Siouxland 7th grader blazes trail on wrestling mats
McKinna Faulkenberry practicing a wrestling move on teamate.
Iowa has a rich history in wrestling. Olympic and College Champions like Cael Sanderson and Dan Gable are just a few.
But there could be a new name that might surprise you, it's McKinna Faulkenberry. This 7th grader from Siouxland is already making a name for herself.
"Once you step on the mat you can't leave anything else on it," McKinna Faulkenberry said.
That's what runs through 7th grader McKinna Faulkenberry's mind, as she prepares to dominate on the wrestling mat.
"I've been waiting a couple years till I felt I was ready for this tournament because it's really really huge," McKinna said.
She's already racked up dozens of medals but now, she's preparing for the biggest wrestling tournament of her career for the US Girls Wrestling Association National Tournament in Michigan.
Like her male competitors, it takes a lot of hard work. But unlike many of her counterparts, she's had to deal with the challenges of being a girl in a sport traditionally dominated by male athletes.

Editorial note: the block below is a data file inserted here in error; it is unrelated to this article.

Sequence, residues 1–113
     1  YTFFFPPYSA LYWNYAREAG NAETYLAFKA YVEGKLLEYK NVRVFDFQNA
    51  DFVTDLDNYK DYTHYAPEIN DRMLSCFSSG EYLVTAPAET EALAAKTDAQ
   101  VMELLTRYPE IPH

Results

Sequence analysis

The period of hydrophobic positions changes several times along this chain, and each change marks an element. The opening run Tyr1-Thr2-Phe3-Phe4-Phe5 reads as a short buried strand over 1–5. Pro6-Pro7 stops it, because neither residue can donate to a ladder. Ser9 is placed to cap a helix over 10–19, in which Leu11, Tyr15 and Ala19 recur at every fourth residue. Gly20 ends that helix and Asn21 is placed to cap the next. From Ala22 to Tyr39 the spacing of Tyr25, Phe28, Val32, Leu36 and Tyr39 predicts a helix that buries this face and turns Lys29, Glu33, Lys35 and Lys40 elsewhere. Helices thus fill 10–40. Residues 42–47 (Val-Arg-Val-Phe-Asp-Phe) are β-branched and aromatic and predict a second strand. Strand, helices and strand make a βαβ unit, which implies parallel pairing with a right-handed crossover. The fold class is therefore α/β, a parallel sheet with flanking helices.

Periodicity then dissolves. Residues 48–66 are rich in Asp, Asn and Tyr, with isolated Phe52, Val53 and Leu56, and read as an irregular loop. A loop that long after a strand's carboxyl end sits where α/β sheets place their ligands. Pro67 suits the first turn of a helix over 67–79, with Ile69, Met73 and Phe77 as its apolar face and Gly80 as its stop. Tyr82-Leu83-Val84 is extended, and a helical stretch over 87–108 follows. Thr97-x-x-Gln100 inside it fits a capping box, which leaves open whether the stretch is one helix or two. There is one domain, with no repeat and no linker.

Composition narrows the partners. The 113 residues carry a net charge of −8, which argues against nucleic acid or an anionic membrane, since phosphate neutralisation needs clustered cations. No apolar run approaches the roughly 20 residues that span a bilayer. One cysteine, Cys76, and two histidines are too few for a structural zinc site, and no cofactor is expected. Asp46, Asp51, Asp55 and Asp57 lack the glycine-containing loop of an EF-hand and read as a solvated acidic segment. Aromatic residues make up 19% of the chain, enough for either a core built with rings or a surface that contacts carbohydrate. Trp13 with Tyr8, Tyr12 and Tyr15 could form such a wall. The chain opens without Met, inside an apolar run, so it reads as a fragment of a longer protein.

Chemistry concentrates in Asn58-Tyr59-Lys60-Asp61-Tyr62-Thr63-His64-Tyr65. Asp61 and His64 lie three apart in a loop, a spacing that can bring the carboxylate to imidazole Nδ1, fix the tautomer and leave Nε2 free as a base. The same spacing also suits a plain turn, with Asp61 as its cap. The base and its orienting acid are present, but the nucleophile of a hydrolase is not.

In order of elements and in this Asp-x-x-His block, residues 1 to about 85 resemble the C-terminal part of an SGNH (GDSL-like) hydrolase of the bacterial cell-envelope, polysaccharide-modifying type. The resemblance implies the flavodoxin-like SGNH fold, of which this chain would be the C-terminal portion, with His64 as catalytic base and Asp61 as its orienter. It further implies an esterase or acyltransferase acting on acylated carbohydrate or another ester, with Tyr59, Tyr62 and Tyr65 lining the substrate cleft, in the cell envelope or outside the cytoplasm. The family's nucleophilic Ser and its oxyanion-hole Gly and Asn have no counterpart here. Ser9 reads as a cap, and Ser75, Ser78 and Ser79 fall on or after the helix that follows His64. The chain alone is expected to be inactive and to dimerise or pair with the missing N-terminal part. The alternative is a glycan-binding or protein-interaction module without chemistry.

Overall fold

"There's been a lot of people that won't wrestle me, or that don't wrestle me right... And there's a lot of refs and coaches that don't necessarily appreciate girls in the sport," McKinna said.
"There are just not girl's wrestling established where she can roll with girls, and wrestle on a girls wrestling team," Butch Faulkenberry said.
Butch Faulkenberry, McKinna's dad says she gets a lot of support.
"People think just because she's a girl, she can't wrestle, but she will give you a run for your money," Eric Steeler, a teamate said.
"She's really tough. You know she never stops trying," Braden Curry, another teamate said.
But, there are some that disapprove.
"She's had to take grief a few different times and for her not to get discouraged really shows that her mental fortitude and what she is doing is very strong," Butch Faulkenberry said.
Her coach says none of those difficulties follow McKinna onto the mat, where she's just like one of the guys.
"She's without a doubt one of the hardest workers in our room... As she has gotten older in the room, the boys are getting more mature, they're getting physically stronger, but at the same time that makes her work on her technique which makes her a very sound wrestler," Mark Curry, McKinna's coach said.
For now McKinna is eyeing a career in wrestling, while also maintaining a 4.0 GPA in school. She hopes to make it to the Olympics, if the sport isn't eliminated, to show other girls that there's enough room on the mat for them too.
"I want to earn the respect of everyone, I want to influence people to know that we can do it, I can do it," McKinna said.